A July 2, 2010 article in the Nashville Business Journal and other publications reported that a study by accounting faculty members Sean McQuire, Thomas Omer and Nathan Sharp at the Mays Business School of Texas A&M University revealed that the more religious the state, the less chance there is of financial malfeasance. The researchers concluded that for every 10% increase in the population’s religiosity, the odds that a firm headquartered there will be sued over accounting issues decreases by 49%. According to a Gallop poll of residents who said that religion was important to them, Mississippi, at 86% was number one, followed by Alabama at 84%. New York was last, at 44%.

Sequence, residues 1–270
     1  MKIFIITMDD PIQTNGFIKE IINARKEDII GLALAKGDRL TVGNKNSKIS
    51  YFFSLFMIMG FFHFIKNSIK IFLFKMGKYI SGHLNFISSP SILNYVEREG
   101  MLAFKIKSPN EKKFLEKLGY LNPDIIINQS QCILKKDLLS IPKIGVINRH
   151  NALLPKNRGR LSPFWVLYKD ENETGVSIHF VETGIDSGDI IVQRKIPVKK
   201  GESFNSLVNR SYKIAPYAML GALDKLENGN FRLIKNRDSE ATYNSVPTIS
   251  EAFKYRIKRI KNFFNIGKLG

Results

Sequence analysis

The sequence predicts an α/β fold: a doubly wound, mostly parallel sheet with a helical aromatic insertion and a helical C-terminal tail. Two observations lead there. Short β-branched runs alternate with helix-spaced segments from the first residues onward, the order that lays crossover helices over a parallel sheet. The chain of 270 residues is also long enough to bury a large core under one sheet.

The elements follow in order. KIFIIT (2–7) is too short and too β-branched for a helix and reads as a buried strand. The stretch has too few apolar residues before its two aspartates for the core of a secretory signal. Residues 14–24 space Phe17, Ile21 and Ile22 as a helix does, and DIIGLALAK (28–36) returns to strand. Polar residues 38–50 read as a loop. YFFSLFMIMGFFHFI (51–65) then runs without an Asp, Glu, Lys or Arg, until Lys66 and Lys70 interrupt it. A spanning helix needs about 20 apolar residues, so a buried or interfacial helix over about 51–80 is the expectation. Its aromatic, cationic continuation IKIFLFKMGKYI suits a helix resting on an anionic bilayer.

The study also found that small and medium-sized firms tend to use religion as a self-regulating mechanism in the absence of more formal external monitoring. Sharp cautioned that the study is more a measure of an overall accounting approach among multiple firms of various sizes in the Bible Belt and cannot predict massive frauds such as those at Birmingham-based HealthSouth Corp., Clinton, Miss.-based WorldCom and Houston-based Enron. “We would view them as anomalies,” Sharp said. “We focused on smaller, systemic aggressive accounting occurring as almost a part of doing business. On average, when you hold everything constant, accounting practices are less aggressive in areas with high religiosity.” Sharp added that the study did not account for people using religion itself as a means to defraud.